include CT scanning of the neck, thorax, abdomen and There are two main options in the selection of radiation pelvis, together with bone marrow aspirate and trephine treatment fields: (1) involved field RT (IFRT) which aims to include the entire thyroid gland and local neck nodes; There exists no universally accepted standard of care for and (2) extended field RT (EFRT) which involves treating TNHL and a number of controversies exist regarding the the thyroid, neck, mediastinal and in some centres, axillary roles of surgery, radiotherapy (RT) and chemotherapy in the management of this disease [5–12]. Previously, surgery These two options have never been formally compared occupied a pre-eminent place in management and most in a randomized study and in view of the rarity of this patients underwent extensive resections. In recent years, condition; such a study is unlikely to be conducted. A a however, the appreciation that TNHL is sensitive to RT result, the choice between IFRT and EFRT has been a and chemotherapy has resulted in a move towards limited matter of clinical judgement based on prior experience.
surgical intervention, usually in the form of a diagnostic Similarly, formal evaluation of the optimal radiation biopsy followed by definitive RT (or chemotherapy dose required for local control has never been undertaken.
followed by RT). However, there are opponents of this In line with treatment of nodal and non-thyroid extra- view who recommend excision or debulking of disease nodal NHL, most patients with TNHL have received followed by post-operative RT [13–22].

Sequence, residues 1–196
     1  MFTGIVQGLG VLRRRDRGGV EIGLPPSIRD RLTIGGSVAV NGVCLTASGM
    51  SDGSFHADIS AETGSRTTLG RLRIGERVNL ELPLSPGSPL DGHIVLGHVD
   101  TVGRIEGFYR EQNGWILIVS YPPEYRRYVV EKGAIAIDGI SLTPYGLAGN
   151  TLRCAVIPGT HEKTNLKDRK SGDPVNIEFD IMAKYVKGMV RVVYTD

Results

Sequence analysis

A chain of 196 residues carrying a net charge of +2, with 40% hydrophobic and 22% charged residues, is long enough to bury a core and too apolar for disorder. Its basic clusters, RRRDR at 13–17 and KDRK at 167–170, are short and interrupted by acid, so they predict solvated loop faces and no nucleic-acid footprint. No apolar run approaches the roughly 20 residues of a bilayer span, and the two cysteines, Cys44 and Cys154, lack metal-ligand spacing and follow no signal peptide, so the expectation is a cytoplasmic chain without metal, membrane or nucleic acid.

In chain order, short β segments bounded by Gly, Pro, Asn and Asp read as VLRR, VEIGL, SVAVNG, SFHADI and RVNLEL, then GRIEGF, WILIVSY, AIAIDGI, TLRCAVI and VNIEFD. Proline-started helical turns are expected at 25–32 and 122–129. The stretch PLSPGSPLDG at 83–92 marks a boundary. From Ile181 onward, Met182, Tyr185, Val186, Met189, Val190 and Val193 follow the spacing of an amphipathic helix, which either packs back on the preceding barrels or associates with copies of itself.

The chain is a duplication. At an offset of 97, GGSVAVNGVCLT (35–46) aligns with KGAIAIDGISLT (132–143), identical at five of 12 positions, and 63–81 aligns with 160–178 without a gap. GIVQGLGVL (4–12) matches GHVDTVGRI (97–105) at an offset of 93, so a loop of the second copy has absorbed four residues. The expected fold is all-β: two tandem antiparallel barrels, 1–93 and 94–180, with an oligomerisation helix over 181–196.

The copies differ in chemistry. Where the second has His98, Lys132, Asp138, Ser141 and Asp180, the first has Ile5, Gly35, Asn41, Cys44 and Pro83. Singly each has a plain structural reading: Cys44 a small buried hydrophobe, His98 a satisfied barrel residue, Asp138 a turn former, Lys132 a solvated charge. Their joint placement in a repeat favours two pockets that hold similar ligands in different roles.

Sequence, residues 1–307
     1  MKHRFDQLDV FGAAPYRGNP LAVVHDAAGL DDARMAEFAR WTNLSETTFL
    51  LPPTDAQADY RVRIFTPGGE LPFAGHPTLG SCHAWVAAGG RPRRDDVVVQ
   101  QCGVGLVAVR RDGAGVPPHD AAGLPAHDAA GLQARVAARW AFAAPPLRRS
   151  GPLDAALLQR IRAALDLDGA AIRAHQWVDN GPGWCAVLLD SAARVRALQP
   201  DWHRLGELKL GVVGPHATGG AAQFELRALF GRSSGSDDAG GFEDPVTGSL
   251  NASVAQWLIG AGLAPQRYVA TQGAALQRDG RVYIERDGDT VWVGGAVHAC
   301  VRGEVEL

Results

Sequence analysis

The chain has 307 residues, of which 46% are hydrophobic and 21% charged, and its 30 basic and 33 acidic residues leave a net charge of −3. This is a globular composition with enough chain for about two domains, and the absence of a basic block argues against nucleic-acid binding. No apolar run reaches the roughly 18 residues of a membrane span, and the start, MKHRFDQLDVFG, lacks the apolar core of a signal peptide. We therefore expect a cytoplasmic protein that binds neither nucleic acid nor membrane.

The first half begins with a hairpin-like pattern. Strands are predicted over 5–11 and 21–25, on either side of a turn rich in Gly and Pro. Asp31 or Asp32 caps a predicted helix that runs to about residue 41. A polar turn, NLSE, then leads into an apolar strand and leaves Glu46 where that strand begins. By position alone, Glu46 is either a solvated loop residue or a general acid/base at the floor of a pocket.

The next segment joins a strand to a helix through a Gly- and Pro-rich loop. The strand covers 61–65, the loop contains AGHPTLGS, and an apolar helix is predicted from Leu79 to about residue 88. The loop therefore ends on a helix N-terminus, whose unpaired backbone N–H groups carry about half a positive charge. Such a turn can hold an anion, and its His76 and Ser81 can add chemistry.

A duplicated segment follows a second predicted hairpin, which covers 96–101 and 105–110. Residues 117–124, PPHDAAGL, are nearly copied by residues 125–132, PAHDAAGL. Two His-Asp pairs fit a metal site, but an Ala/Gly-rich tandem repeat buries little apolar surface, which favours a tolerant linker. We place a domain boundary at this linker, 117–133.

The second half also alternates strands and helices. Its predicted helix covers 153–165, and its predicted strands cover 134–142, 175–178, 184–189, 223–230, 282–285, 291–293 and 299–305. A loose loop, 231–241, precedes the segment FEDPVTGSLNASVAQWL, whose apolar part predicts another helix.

doses in the order of 40 Gy. Previous studies have In spite of the controversy regarding the surgical suggested that there is a threshold dose below which the management of TNHL, radical RT became the treatment chance of achieving local control is small. Tupchong et al of choice in most centres, although there has now been a [23] reported 0% local control rated for patients whoreceived less than 20 Gy. Therefore, in this retrospectiveanalysis, we have attempted to address these twoimportant questions relating to the management of Received 27 February 2004 and in revised form 28 October 2004,accepted 6 December 2004.
The British Journal of Radiology, May 2005 K J Harrington, V J Michalaki, L Vini et al Table 1. Summary of patient characteristics for 91 patientswith thyroid non-Hodgkin’s lymphoma A search of the Royal Marsden Hospital (RMH) Thyroid Database was undertaken for a period that spanned the years between 1936 and 1996.